Monday, April 23, 2012
Superman & The "Toberoff Timeline" Part II
Now that the Ninth Circuit has ruled that documents contained in the 'Toberoff Timeline' can be introduced into the DC Comics vs Pacific Pictures case, things will begin to get far more interesting. To summarise the situation, in June 2011 I wrote, "On May 10, 2010, a suit was filed detailing the exact carve up of the potential non-DC Superman copyright. Whereas the carve up was, originally, 50% to the Siegels and 50% to the Shuster estate, the reality is that it's now completely different. The suit detailed who now owns what and featured a detailed time-line which had the DC lawyers running to file. The document that launched it all is called the "Superman – Marc Toberoff Timeline" and was prepared by an ex-employee of Toberoff, and submitted to DC in 2008. According to the court filing, Toberoff, "…asserted to the federal court that it was privileged, but his position was rejected," which meant that the timeline was now able to be studied in detail. And the document is damning, detailing as it does a series of Machiavellian moves that now sees Toberoff own 47.5% of the non-DC Superman copyright, against the Siegel Heirs, who own 27.5% and the Shuster Heirs, who own 25%. Thus the real winner in this case is the Siegels, or the Shusters, but rather Marc Toberoff, who will cash in with his 47.5% of the copyright and all monies to be awarded, plus future earnings, plus more money for his work on behalf of the Siegels. In short Toberoff, already a very rich man, will become even richer for pursuing a lawsuit, purportedly on behalf of the Siegels, but all the time with the full knowledge, and initial non-disclosure, that he would be benefiting more."
Now it remains to be seen if the documents in the Timeline will be introduced into the public record, of it they'll be subject to confidentiality - there'll be no doubt that they'll be redacted at some point. Having said that there are some documents and letters that are mentioned in the Timeline that we do have access to. These are as follows: first up, the Toberoff Timeline itself:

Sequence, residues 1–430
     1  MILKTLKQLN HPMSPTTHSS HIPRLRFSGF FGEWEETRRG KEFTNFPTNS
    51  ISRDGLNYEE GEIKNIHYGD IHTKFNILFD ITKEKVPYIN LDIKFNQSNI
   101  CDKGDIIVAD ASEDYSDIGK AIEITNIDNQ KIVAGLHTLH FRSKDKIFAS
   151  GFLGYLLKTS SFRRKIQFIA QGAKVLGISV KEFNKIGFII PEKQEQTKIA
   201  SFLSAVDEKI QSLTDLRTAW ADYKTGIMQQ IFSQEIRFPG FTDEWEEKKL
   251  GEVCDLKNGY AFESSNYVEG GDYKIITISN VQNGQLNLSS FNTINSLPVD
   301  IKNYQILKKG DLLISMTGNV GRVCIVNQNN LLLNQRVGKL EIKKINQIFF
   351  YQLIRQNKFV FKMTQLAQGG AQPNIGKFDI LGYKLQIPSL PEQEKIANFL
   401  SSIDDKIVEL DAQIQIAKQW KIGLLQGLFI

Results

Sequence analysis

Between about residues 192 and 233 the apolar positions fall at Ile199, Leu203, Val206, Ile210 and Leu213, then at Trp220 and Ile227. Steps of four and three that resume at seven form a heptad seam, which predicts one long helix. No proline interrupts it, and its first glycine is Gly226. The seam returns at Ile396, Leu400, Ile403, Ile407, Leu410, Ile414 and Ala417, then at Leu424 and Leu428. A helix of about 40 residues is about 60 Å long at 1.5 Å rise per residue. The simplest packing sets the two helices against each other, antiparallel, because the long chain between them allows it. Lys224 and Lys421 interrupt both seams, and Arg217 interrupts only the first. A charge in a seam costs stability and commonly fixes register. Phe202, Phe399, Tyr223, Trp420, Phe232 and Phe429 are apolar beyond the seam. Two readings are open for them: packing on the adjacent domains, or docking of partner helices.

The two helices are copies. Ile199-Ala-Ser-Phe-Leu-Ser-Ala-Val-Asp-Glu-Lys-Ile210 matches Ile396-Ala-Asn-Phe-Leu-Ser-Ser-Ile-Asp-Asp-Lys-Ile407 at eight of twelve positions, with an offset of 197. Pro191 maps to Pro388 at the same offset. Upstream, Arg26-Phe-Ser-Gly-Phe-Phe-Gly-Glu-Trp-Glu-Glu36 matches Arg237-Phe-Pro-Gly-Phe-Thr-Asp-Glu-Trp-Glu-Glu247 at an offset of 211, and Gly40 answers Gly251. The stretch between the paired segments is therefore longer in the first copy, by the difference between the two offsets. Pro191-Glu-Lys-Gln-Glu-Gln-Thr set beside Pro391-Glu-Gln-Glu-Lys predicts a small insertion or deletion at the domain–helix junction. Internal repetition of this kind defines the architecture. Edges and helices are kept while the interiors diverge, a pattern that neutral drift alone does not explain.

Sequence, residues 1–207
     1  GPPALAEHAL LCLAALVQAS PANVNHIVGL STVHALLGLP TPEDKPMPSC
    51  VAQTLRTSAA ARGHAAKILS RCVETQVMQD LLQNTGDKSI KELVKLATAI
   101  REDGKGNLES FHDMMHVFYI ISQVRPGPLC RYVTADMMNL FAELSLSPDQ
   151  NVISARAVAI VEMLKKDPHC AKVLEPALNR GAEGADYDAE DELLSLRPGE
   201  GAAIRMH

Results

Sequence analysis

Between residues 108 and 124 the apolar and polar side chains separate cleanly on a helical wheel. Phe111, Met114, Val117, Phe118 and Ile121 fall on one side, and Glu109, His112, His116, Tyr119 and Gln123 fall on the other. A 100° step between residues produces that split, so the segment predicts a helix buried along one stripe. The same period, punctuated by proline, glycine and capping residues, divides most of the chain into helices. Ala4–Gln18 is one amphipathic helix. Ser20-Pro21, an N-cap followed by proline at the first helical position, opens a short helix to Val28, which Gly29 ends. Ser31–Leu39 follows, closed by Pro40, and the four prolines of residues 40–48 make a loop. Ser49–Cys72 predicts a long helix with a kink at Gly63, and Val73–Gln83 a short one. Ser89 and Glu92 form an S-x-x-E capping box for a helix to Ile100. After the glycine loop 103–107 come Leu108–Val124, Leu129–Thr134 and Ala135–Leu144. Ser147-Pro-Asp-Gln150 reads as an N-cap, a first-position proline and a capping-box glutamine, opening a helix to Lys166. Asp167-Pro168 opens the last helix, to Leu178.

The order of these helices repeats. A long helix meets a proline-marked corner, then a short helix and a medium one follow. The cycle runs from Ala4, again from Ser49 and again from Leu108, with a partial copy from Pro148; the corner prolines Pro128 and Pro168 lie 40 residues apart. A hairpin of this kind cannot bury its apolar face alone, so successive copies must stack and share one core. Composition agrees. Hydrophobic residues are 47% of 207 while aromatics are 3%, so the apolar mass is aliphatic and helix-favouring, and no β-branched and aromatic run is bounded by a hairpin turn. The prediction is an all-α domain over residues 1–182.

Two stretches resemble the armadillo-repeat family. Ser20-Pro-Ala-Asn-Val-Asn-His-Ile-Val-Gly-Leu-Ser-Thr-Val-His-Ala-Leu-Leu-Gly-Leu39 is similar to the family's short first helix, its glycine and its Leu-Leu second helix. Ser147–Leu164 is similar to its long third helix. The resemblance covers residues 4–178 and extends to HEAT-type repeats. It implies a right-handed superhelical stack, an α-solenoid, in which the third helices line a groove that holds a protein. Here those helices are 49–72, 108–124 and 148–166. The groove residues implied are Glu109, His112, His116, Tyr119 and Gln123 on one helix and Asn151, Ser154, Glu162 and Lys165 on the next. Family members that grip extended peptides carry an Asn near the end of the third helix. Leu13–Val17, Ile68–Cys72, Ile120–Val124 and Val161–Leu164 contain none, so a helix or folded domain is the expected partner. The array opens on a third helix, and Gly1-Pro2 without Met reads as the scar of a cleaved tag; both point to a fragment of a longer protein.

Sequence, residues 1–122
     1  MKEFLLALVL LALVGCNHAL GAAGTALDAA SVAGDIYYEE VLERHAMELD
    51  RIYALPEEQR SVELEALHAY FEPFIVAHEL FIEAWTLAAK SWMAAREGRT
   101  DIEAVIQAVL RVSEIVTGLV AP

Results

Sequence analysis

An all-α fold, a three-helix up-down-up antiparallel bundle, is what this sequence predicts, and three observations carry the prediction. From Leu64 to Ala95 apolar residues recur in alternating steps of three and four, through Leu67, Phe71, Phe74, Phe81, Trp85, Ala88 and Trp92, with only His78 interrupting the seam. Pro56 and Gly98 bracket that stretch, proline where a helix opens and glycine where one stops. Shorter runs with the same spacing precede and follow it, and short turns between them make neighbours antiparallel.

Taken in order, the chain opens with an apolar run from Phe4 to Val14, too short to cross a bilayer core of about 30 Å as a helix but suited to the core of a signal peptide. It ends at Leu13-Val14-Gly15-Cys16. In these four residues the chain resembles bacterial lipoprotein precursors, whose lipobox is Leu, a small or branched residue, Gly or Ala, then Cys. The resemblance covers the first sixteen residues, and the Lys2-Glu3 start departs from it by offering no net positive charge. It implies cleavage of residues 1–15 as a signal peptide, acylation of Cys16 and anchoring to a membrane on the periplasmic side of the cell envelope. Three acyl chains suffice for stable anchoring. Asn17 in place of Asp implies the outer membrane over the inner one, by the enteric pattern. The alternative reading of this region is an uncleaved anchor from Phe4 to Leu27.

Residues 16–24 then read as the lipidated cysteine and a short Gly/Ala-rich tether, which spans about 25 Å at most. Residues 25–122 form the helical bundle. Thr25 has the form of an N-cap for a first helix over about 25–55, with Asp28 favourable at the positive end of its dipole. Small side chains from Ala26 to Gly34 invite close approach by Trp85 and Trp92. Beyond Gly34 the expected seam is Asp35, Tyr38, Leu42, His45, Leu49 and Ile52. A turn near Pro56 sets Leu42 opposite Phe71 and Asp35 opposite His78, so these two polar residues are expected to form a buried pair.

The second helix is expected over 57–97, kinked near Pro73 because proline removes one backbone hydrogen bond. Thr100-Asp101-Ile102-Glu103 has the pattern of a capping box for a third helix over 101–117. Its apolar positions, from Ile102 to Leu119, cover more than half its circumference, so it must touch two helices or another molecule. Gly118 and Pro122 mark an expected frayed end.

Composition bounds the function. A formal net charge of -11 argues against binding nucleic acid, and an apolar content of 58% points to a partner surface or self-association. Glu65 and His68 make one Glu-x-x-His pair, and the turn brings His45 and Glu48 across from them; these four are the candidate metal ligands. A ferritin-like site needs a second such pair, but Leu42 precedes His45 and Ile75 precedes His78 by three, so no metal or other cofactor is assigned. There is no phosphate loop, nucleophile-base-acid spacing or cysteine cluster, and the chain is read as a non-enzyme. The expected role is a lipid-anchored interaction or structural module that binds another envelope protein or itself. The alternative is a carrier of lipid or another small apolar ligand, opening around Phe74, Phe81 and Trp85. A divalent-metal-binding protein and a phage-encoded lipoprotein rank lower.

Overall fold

As you'd be able to see, the Timeline paints a damning picture of what Marc Toberoff is alleged to have done in his pursuit of the Superman copyright. Toberoff has denied all of the allegations, claiming that the lawyer who is reported to have stolen the documents, prepared the Timeline and presented it to the DC Comics lawyers was attempting to discredit him with the view of luring Joanne and Laura Siegel away from Toberoff and representing them himself. What is known, mainly due to Laura Siegels depositions (which you can read in their entity in The Trials Of Superman, Vol II, link opposite this post), is that Michaels contacted the Siegels in 2005 and informed them that he had documentation explaining their case. The Siegels met with Michaels, as Laura stated, "...we were curious. We wanted to know what this guy had to say." The crux of the meeting soon became apparent, again, from Laura Siegel's deposition, "...when he was at the meeting and then in this follow-up e-mail that he sent to us that it was a bold attempt on his part to steal my mom and I away from Mr. Toberoff as clients, and he wanted us to sign with him for him to be our attorney." Later Laura went a step further, "On his way out the door he turned and said, "I've got an idea. You know, why don't you guys just, you know, come with me and I'll introduce you to another firm."
After the meeting Michaels and the Siegels corresponded by email, during that time the Siegels told Michaels that they did not want to hire him. As Laura again explained, "It was -- it was like -- first of all, we were shocked because we thought it was pretty outrageous, and, you know, we felt that he had, you know, come -- come in to talk to us under false pretences. But he was -- he was on the way out the door, and my mom and I, you know, didn't have to kick him out because he was already leaving, but, you know, we wanted to talk about it afterwards and figure out what had just happened. My mom and I said we didn't have a good feeling about it, you know, but we just -- we wanted to, you know, to kind of think, just as we do about everything, think about things, talk about things, and what could this guy's motivations possibly be." During the email exchange Michaels presented the Siegels with a letter that he wanted them to sign, stating that they were firing Toberoff due to 'unconscionable fees'. At this point they contacted Toberoff and told him of the encounter - or so it is claimed.